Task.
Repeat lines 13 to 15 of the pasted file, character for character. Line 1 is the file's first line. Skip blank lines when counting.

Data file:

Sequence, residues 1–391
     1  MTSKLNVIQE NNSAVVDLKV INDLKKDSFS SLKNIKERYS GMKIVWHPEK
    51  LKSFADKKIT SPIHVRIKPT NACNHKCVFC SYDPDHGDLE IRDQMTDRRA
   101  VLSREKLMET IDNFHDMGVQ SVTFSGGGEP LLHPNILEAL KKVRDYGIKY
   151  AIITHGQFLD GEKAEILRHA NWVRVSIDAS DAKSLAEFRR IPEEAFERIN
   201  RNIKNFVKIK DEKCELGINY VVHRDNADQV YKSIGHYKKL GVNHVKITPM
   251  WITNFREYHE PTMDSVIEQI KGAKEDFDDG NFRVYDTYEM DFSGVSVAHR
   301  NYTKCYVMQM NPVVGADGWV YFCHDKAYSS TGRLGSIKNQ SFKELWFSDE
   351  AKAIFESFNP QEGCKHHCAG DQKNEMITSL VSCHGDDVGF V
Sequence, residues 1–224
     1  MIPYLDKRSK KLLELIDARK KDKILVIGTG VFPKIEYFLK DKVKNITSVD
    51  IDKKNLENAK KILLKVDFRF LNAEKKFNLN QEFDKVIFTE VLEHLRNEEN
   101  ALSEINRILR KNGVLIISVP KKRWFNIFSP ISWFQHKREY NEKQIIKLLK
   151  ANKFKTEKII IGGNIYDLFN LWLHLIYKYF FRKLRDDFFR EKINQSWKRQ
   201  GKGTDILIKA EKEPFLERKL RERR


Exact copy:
   101  ALSEINRILR KNGVLIISVP KKRWFNIFSP ISWFQHKREY NEKQIIKLLK
   151  ANKFKTEKII IGGNIYDLFN LWLHLIYKYF FRKLRDDFFR EKINQSWKRQ
   201  GKGTDILIKA EKEPFLERKL RERR